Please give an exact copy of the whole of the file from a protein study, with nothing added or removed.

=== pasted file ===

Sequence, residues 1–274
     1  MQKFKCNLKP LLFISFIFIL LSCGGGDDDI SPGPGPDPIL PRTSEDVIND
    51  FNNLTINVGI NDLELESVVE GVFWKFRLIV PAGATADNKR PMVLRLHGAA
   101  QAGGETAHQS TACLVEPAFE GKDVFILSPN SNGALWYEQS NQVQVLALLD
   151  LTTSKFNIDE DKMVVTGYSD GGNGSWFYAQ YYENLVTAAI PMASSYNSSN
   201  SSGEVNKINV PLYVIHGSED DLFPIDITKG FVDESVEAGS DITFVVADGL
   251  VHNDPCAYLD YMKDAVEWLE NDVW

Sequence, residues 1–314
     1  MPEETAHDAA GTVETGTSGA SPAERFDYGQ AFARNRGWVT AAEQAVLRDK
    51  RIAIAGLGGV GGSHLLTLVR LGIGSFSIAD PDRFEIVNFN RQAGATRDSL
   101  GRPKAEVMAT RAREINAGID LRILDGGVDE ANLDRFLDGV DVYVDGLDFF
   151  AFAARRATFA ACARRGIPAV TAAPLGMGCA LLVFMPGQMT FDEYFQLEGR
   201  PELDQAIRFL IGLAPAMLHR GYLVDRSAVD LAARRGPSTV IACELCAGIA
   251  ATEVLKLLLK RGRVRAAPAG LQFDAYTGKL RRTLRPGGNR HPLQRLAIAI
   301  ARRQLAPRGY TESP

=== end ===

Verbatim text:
Sequence, residues 1–274
     1  MQKFKCNLKP LLFISFIFIL LSCGGGDDDI SPGPGPDPIL PRTSEDVIND
    51  FNNLTINVGI NDLELESVVE GVFWKFRLIV PAGATADNKR PMVLRLHGAA
   101  QAGGETAHQS TACLVEPAFE GKDVFILSPN SNGALWYEQS NQVQVLALLD
   151  LTTSKFNIDE DKMVVTGYSD GGNGSWFYAQ YYENLVTAAI PMASSYNSSN
   201  SSGEVNKINV PLYVIHGSED DLFPIDITKG FVDESVEAGS DITFVVADGL
   251  VHNDPCAYLD YMKDAVEWLE NDVW

Sequence, residues 1–314
     1  MPEETAHDAA GTVETGTSGA SPAERFDYGQ AFARNRGWVT AAEQAVLRDK
    51  RIAIAGLGGV GGSHLLTLVR LGIGSFSIAD PDRFEIVNFN RQAGATRDSL
   101  GRPKAEVMAT RAREINAGID LRILDGGVDE ANLDRFLDGV DVYVDGLDFF
   151  AFAARRATFA ACARRGIPAV TAAPLGMGCA LLVFMPGQMT FDEYFQLEGR
   201  PELDQAIRFL IGLAPAMLHR GYLVDRSAVD LAARRGPSTV IACELCAGIA
   251  ATEVLKLLLK RGRVRAAPAG LQFDAYTGKL RRTLRPGGNR HPLQRLAIAI
   301  ARRQLAPRGY TESP